European experience of 200 cases treated with botulinum-A toxin injections into the detrusor muscle for urinary incontinence due to neurogenic detrusor overactivity

André Reitz, Manfred Stöhrer, Guus Kramer, Giulio Del Popolo, Emmanuel Chartier-Kastler, Jürgen Pannek, Harald Burgdörfer, Konrad Göcking, Helmut Madersbacher, Stefan Schumacher, Rudolf Richter, Jan von Tobel, Brigitte Schurch
European Urology 2004, 45 (4): 510-5

OBJECTIVES: To present a comprehensive experience with botulinum-A toxin (BTA) injected into the detrusor muscle in patients with spinal cord injuries/diseases causing neurogenic incontinence.

METHODS: Ten European medical centers provided the results of 231 patients with neurogenic detrusor overactivity who were treated with BTA. 300 units of Botox (Allergan Inc.) were injected cystoscopically into the detrusor muscle at 30 different locations, while sparing the trigonum. Urinary continence status, concomitant anticholinergic medication use and patient satisfaction were recorded. Key urodynamic parameters (reflex volume, maximum detrusor pressure during voiding, detrusor compliance and maximum cystometric bladder capacity) at baseline and at the first and second urodynamic follow-up examinations were analyzed.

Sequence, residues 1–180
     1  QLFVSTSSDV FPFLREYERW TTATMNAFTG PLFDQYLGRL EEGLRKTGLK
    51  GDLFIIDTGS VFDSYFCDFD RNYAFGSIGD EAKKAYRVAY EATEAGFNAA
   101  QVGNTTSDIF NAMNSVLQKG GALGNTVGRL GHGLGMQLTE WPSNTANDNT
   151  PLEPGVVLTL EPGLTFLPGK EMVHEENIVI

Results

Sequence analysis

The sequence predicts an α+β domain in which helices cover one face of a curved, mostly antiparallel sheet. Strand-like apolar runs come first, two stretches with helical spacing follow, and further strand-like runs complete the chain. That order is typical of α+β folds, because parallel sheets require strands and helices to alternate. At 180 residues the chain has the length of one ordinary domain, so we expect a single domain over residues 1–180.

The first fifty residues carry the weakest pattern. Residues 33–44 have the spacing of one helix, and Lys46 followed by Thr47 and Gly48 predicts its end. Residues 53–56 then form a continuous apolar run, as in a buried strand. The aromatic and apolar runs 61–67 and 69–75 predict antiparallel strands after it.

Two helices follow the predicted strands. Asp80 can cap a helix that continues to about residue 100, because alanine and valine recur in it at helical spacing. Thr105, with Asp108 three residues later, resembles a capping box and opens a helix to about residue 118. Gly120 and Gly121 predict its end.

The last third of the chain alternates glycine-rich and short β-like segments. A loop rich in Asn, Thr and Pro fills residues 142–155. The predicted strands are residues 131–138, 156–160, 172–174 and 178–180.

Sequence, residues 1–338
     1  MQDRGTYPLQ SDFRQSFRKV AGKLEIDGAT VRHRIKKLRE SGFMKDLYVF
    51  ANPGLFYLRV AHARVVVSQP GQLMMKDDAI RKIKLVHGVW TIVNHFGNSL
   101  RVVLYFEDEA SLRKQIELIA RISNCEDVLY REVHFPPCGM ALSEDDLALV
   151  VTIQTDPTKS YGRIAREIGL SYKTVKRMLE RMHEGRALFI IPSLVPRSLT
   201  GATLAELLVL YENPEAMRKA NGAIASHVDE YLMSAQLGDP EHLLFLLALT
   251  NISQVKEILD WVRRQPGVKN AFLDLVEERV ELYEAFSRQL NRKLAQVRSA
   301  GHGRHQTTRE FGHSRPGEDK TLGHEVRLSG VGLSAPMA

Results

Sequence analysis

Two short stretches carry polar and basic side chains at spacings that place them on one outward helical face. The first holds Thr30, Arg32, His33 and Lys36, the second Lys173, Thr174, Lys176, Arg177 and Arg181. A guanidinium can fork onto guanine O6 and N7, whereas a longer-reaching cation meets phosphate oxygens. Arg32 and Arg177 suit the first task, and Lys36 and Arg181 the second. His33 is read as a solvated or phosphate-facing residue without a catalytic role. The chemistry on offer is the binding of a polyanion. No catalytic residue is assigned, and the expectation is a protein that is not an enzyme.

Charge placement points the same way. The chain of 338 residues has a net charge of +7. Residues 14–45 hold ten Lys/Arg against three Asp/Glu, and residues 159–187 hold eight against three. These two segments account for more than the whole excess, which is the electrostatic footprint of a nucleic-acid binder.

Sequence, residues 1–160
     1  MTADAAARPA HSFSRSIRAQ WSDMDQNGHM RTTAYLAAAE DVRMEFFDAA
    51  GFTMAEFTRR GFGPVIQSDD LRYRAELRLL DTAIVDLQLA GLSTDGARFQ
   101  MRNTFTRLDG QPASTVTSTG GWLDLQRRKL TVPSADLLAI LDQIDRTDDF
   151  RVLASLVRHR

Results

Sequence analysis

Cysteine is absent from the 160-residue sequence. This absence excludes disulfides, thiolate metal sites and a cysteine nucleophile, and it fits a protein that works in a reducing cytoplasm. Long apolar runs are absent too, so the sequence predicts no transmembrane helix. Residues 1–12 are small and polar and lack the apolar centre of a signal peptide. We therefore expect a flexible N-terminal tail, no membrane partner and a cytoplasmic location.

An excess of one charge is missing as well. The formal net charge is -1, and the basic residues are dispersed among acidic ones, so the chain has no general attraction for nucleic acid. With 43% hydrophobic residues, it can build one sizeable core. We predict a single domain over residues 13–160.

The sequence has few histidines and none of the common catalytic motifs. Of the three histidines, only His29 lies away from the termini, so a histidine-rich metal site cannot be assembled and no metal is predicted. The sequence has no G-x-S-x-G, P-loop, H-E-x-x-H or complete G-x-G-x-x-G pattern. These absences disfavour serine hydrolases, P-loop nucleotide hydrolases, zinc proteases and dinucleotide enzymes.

RESULTS: By the time of the initial (mean 12 weeks after injection) as well as at the second urodynamic follow-up examinations (mean 36 weeks after injection), the mean cystometric bladder capacity (p < 0.0001) and the mean reflex volume (p < 0.01) increased significantly, while the mean voiding pressure (p < 0.0001) decreased significantly. The mean bladder compliance had increased significantly (p < 0.0001) by the first follow-up examination and non-significantly by the time of the second follow-up. No injection related complications or toxin related side effects were reported. The patients considerably reduced or even stopped taking anticholinergic drugs without recurrence of reflex incontinence and were satisfied with the treatment.

CONCLUSIONS: This retrospective European multicenter study presents the most extensive experience to date with BTA injections into the detrusor muscle to treat neurogenic incontinence due to detrusor overactivity and confirms that this new treatment is safe and valuable. Significant improvement of bladder function corresponds with continence and the subjective satisfaction indicated by the treated patients.

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